Whoa! from the entry to singletrack off the timing area it starts out with a downhill rock garden.  Fun and fast if you get the line right. Then it throws you across a flat section into a slight climb that you traverse back and forth through for the smoothest line.  Eventually you turn onto another rocky section that towards the end contains some large boulders.  I opted to ride over a very large flat-top one in the middle of a segment, focused on further down the trail I hit or slid on something sending me over the bars into the rocks.  Ouch! A few scrapes on my knee, elbow, and back were all.  And somehow my bike didn’t receive a scratch.  Anyway, that will be the way I ride it as it is clearly the fastest line.  Another climb, short 7%, then a screaming downhill through a twisty, corkscrew of a descent on perfectly bermed singletrack, “Deadman’s Trail” for 1.3 miles of downhill “YeeHaa”.  Then another climb of ~2.5 miles of winding trail before the longest downhill of the race at ~2.5 miles before the final 3, mostly uphill, miles to the finish. I decided to hit the first part again as it was definitely where time could be lost in a crash or wrong line.  This time I rolled overt the boulder I crashed on with ease and it actually set me up straight into a line that flowed through the rest of the section, bonus!

Back at camp I got the dogs out for a bit as I cooked my Green Chef meal for the night, Chicken something or other.  The dogs and I headed over to pick up my race bag and I was still had the thoughts of a short race based on how I had been feeling the past week.  It was a party with music, lights, beer, and dogs.  I think there were a few people there that would take my dogs home in a heartbeat if i let them, they loved the attention and I enjoyed a couple beers from Bosque Brewing Company.  Zia Rides really puts on some of the best races that I have ever participated in.  It was getting cold and a little rainy so we headed back to the ‘Stream to set out awnings and a pop-up tent to keep everything dry.  It’s actually amusing how many races I’ve done where it has rained the night before.  Luckily, it was not heavy as that would have made for a miserable race on New Mexico dirt. An early in bed time of 8pm with a Compex EMS unit running a muscle relaxing routine on my legs as I watched a movie with the dogs, Ahhhh.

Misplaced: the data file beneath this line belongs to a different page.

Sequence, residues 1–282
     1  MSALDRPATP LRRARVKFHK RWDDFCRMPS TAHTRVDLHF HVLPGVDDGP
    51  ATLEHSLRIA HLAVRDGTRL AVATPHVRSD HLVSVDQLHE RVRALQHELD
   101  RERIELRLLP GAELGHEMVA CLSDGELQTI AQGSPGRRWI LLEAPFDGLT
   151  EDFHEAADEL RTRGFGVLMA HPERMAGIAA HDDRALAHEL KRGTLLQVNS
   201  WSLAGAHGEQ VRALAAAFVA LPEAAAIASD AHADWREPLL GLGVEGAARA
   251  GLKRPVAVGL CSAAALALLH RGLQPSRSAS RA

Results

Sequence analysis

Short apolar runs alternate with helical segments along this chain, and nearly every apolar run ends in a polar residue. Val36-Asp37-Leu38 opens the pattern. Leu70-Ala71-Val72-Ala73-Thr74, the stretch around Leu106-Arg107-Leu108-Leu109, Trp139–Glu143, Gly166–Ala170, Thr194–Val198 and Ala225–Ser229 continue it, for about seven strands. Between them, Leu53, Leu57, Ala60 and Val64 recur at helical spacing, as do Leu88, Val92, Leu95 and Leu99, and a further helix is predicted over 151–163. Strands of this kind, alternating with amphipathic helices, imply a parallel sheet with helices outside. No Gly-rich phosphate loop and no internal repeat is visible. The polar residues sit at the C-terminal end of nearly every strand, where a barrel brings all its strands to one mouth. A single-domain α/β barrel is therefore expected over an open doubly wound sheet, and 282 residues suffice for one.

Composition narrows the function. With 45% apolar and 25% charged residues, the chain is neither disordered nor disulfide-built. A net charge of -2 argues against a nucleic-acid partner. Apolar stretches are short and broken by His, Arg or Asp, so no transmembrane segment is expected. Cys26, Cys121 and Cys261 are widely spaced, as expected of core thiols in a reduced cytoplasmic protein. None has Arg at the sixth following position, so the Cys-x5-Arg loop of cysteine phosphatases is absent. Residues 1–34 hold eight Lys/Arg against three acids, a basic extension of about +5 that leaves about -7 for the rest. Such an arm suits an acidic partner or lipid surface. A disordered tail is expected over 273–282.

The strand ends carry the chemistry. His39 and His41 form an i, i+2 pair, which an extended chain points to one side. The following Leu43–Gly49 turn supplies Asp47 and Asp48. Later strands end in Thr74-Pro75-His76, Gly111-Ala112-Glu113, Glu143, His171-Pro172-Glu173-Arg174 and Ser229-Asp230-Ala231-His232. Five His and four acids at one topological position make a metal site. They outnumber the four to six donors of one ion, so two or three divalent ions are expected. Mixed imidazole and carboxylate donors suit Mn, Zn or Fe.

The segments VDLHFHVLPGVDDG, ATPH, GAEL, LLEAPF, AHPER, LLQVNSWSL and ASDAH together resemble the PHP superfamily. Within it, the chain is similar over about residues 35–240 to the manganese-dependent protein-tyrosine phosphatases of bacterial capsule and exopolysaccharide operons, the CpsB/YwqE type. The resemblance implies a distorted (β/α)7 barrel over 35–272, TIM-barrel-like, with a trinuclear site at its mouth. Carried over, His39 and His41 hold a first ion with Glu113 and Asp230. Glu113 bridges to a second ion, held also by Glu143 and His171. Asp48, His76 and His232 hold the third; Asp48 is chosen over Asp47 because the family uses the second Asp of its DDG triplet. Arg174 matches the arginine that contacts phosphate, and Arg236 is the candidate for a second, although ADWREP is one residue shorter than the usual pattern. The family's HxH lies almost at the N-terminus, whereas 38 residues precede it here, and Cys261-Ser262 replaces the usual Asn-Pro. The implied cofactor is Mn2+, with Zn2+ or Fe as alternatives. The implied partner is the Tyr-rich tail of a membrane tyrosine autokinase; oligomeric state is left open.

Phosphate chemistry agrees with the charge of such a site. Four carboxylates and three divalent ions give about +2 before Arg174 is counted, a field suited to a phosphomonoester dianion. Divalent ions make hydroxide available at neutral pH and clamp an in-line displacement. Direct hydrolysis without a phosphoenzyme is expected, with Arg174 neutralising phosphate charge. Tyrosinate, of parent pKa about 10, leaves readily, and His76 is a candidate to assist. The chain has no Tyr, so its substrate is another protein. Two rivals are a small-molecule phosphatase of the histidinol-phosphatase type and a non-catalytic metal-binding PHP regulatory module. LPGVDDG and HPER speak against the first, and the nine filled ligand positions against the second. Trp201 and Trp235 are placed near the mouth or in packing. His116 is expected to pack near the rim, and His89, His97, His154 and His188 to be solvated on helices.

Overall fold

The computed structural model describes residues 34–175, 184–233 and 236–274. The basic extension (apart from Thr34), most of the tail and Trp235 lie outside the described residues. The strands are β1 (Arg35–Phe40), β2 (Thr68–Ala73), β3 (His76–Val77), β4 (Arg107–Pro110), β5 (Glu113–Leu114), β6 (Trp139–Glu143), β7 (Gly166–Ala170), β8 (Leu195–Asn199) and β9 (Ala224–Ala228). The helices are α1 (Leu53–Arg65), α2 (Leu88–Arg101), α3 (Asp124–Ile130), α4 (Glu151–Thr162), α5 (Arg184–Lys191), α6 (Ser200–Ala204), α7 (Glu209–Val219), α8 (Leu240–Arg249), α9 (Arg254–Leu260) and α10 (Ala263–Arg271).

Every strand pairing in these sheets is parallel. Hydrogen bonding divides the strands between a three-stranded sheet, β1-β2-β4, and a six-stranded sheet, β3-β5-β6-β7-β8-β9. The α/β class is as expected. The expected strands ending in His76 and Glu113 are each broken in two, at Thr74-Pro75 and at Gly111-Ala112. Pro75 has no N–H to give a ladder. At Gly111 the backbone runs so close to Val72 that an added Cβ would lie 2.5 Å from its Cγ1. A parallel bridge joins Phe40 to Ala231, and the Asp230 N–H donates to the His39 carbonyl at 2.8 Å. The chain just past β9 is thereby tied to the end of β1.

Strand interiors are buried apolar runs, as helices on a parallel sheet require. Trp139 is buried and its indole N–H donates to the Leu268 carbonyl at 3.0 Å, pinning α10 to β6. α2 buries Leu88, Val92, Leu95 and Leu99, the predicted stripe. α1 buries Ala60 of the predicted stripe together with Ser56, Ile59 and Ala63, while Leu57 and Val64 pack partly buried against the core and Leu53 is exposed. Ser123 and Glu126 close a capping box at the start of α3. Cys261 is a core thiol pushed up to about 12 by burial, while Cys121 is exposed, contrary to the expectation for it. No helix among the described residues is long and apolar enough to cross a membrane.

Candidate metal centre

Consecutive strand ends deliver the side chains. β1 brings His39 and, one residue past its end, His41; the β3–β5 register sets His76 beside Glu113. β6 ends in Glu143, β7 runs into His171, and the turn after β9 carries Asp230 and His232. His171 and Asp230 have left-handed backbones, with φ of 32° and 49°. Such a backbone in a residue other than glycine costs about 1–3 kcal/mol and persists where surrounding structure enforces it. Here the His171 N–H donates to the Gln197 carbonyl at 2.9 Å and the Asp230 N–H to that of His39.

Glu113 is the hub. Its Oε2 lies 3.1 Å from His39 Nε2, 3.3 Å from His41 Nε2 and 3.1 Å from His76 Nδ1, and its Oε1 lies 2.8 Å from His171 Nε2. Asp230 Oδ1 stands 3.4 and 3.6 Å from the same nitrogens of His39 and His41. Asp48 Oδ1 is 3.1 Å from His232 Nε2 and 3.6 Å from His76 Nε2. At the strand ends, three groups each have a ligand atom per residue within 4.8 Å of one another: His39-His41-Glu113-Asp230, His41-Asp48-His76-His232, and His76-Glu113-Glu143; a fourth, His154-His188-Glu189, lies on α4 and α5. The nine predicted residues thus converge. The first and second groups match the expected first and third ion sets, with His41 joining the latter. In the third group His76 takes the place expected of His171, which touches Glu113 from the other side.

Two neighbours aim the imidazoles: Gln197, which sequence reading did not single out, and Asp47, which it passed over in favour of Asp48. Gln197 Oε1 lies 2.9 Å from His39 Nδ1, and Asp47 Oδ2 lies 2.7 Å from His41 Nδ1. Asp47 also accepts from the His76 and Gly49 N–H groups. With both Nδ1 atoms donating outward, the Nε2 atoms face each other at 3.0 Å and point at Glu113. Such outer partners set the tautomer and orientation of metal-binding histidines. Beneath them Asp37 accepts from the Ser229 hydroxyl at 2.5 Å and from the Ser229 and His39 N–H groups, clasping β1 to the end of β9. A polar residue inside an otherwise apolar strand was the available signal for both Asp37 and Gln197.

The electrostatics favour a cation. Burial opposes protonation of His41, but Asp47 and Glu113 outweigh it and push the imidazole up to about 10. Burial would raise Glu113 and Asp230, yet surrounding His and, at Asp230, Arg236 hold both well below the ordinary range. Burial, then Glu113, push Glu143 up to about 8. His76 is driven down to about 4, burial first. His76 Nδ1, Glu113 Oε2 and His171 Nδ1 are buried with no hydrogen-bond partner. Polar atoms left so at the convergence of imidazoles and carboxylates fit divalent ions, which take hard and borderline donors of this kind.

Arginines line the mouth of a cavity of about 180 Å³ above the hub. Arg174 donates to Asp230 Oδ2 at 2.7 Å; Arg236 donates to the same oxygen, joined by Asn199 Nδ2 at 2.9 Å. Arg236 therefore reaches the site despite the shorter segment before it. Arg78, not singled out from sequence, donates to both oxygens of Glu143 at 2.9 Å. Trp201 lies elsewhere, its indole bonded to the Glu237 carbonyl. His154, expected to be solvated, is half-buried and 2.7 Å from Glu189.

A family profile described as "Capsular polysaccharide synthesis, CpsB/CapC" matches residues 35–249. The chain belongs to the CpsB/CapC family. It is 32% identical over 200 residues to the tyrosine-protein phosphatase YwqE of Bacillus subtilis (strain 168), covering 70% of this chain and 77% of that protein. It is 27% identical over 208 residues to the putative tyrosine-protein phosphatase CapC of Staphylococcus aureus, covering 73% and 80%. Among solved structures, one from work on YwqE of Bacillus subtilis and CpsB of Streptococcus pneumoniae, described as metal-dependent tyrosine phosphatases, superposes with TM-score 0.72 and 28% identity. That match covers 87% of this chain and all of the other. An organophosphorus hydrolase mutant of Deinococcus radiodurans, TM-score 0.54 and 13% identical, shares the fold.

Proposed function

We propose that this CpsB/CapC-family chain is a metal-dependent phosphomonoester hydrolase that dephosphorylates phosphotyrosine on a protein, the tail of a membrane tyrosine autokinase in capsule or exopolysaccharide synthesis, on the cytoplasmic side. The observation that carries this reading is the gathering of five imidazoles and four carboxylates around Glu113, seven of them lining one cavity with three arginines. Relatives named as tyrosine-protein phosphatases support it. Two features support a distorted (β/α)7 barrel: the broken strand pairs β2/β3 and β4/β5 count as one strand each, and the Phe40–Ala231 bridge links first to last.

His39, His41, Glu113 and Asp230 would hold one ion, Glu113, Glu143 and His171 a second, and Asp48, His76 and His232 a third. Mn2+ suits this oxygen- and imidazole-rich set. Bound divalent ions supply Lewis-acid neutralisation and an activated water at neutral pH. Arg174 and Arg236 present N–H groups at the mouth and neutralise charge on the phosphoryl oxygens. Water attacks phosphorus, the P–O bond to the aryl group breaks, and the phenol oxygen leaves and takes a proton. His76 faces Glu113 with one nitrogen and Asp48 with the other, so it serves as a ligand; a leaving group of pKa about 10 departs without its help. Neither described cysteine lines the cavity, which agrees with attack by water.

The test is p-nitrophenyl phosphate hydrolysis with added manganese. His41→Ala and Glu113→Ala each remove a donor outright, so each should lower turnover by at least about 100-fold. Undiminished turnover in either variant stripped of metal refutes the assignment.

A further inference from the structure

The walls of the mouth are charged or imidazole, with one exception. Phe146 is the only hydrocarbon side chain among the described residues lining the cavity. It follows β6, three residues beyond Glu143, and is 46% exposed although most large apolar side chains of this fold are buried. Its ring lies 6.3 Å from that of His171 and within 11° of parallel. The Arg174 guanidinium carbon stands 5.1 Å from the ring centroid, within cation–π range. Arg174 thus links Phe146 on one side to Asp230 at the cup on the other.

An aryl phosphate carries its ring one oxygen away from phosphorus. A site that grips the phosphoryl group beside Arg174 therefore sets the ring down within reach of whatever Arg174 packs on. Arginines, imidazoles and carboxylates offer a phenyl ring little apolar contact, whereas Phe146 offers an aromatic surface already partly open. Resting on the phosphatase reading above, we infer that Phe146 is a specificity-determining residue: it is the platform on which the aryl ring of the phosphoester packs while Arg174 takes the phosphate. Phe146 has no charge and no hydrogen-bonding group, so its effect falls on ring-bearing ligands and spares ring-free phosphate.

For the last 4 days, even though I had not thought I had a chance of finishing the race, I had been taking Hammer Nutrition’s Race Day Boost, I’ve trusted in this formula for the last 2 years to have me prepped before a big race.  It just plain works, science is magic.  I got a great night’s sleep and woke up at 5:45 for my 6:15 pre-race briefing.  No food for me and lots of rest.  Plenty of glycogen stored in my body to start the race without food that morning.  Dogs fed, a dose of Race Caps Supreme and Anti-Fatigue Caps for me, we jogged over to the plaza.  I was feeling great.  Briefing done, #1 Rule: “Don’t be a dick” #2 Rule: “Have Fun”.  You have gotta love Zia Rides for their rules if nothing else.